- Financial services giant Fidelity Investments announced a separate cryptocurrency clearing and custody company in October, which quietly went live this quarter.
- The new company -- Fidelity Digital Asset Services -- has been steadily adding institutional investor clients like hedge funds and family offices.
- “In terms of our pipeline, prices really haven’t had an impact,” says Tom Jessop, head of Fidelity Digital Assets. “If anything, they are as encouraged now as they were when prices were higher.”
An ongoing cryptocurrency bear market is not dampening interest for Fidelity's new institutional cryptocurrency products.
Fidelity Digital Assets, a new company created by the investing giant last year, has quietly rolled out its cryptocurrency custody and trade execution operations. In the past few months it has been up and running with institutional investors like hedge funds and family offices, according to its top executive.
The collapse in cryptocurrency prices over the last year "haven't had an impact" on getting up and running, Tom Jessop, head of Fidelity Digital Assets told CNBC at the DC Blockchain Summit this week. "If you started a crypto fund at the height of the market you're probably hurting right now."
Bitcoin, along with thousands of other digital coins, sparked a buying frenzy among retail investors in late 2017. The world's largest cryptocurrency has dropped more than 80 percent since its high of almost $20,000 at the end of 2017 and was trading near $3,789 on Friday.
Still, Jessop said there's long-term interest from institutional investors to add some form of cryptocurrency to their portfolios. It's often seen as an uncorrelated risk, or a store of value in a crisis. Others see a trading opportunity given the sector's volatility. Fidelity commissioned research to gauge the level of that interest.
The firm interviewed roughly 450 institutions, everyone from wealthy families to hedge funds, pensions and endowments. About 22 percent of the respondents already own cryptocurrency, according to the findings. Those that already own it expect to double their allocation over five years.
"If anything, they are as encouraged now as they were when prices were higher," Jessop said.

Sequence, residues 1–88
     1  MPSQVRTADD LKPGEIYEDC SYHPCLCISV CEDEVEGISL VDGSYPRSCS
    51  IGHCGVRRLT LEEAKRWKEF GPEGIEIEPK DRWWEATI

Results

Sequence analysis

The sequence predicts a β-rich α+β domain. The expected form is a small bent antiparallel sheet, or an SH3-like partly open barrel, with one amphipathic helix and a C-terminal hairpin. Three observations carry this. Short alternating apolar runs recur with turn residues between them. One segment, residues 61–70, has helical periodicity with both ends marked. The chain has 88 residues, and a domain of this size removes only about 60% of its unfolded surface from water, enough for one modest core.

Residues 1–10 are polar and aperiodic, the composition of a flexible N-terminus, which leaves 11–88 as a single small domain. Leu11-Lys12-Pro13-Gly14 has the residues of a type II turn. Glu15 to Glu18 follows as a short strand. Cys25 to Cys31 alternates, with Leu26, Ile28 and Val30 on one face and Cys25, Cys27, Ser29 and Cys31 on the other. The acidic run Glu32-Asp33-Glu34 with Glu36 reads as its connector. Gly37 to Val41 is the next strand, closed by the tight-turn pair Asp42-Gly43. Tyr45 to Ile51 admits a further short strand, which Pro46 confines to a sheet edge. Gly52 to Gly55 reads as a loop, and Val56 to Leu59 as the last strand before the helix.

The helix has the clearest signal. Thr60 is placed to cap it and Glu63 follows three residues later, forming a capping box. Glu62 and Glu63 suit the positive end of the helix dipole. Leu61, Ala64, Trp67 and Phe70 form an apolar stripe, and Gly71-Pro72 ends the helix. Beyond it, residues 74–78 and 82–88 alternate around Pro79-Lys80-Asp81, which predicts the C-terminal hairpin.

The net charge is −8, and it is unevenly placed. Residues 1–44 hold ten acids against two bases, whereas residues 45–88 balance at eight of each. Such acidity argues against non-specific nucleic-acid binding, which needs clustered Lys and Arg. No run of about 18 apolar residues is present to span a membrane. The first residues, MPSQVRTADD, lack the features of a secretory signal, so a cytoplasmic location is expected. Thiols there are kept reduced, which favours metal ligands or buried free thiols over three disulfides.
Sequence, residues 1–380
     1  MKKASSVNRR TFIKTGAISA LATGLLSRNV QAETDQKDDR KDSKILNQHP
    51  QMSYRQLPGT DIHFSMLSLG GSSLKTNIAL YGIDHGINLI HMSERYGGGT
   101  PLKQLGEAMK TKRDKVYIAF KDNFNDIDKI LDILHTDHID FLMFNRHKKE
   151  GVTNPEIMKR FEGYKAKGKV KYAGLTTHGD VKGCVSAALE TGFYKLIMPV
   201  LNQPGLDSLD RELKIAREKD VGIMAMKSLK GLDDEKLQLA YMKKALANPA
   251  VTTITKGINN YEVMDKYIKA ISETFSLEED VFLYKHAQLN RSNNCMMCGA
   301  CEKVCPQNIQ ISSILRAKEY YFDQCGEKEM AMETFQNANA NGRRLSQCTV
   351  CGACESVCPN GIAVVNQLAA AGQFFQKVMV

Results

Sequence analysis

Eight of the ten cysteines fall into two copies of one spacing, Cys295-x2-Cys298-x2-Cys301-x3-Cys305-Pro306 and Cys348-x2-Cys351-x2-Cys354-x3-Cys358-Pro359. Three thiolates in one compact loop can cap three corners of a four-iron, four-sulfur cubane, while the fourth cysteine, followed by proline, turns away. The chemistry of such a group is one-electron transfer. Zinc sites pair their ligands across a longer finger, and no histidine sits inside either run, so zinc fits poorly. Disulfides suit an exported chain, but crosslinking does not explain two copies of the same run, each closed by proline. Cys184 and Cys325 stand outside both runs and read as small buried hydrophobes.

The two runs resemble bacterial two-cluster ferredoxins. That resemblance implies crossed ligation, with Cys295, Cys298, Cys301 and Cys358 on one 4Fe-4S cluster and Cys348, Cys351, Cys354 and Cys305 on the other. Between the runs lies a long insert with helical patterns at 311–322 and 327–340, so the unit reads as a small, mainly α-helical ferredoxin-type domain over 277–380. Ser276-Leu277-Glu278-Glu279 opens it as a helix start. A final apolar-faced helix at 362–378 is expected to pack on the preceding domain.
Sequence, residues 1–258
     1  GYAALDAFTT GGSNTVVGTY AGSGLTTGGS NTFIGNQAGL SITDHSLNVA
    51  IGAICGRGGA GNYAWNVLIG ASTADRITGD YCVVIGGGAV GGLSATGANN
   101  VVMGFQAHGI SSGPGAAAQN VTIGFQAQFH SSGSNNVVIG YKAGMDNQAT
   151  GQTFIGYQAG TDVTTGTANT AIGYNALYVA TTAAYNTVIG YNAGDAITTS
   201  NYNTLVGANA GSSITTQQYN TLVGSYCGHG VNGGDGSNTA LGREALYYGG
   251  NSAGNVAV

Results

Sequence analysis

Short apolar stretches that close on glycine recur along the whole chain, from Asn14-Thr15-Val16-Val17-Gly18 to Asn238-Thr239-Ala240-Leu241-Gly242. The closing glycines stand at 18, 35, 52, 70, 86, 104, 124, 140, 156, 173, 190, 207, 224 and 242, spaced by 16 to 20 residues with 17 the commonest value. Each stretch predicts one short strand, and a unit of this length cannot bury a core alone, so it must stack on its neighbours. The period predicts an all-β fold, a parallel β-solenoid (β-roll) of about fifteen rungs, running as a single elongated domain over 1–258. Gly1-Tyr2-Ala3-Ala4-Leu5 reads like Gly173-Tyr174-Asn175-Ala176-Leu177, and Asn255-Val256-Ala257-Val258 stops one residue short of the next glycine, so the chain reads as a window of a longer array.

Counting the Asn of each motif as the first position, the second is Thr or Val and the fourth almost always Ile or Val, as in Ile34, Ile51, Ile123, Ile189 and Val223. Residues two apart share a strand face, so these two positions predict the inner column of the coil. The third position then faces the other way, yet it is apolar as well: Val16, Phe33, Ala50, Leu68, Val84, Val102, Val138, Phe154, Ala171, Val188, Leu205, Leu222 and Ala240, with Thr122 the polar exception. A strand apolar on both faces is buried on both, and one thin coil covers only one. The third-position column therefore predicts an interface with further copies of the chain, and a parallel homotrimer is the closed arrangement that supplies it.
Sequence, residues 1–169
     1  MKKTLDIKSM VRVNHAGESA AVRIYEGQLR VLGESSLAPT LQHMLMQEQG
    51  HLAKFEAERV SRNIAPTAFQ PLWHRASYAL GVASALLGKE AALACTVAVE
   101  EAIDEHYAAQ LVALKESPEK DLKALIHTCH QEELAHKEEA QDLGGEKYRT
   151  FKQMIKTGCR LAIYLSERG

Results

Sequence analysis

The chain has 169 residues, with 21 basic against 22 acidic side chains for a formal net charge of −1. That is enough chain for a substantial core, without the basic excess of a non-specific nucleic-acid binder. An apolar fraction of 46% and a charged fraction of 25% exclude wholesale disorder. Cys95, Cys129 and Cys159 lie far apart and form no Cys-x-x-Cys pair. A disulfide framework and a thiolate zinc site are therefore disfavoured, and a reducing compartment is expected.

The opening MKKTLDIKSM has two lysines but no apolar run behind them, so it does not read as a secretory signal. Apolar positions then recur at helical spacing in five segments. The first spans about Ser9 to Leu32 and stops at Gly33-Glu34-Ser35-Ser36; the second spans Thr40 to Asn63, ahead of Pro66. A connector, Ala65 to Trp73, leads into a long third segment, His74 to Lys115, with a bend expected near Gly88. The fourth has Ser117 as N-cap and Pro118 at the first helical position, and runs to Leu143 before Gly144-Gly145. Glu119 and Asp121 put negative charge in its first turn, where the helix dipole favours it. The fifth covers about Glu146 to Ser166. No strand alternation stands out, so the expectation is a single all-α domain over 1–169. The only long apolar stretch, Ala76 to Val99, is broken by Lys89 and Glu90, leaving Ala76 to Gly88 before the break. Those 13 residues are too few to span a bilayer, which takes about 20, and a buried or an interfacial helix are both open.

Fidelity's new company will execute trades on multiple exchanges for these professional investors. It also handles custody, or the safe storage of digital assets. Until Fidelity, there had been a noticeable lack of a big U.S.-based company in that business.
Jessop said while the company is live, certain aspects are still a work in progress. Fidelity is expanding the jurisdictional coverage of where it can do business. And its offerings are not one-size-fits-all. Some customers were using the platform in January, while for other customers, it was March. Others may wait until September, he said.
"It really depends on the facts and circumstances of each client," Jessop said.
Fidelity, a roughly 72-year-old family-controlled firm, is known for managing retirement plans and mutual funds. But it also spends $2.5 billion per year on technologies like artificial intelligence and blockchain. The new digital asset company was born out of the Fidelity Center for Applied Technology, or FCAT as employees call it.
Jessop said many institutional investors are still in "wait and see" mode when it comes to putting money into crypto.
"At some point, there will be an attractive entry point," Jessop said. "But by the same token people don't want to be early even if we're well off the highs."
Much of that hesitation has to do with volatility, he said. The digital currency market has been known to jump or sink by 10 percent in a single day. While prices in 2019 have been relatively stable, institutions are still wary of those sudden price moves, according to the Fidelity survey. That issue should be solved as the market structure matures, Jessop said.
Education is another roadblock to greater acceptance by investors. Jessop said the more educated a firm was on the topic, the more likely they were to be holding cryptocurrency.
"They've approached us wanting to learn, which is an encouraging sign," Jessop said. "That's not to say that there's a cohort of people that once they get educated will still have a negative view."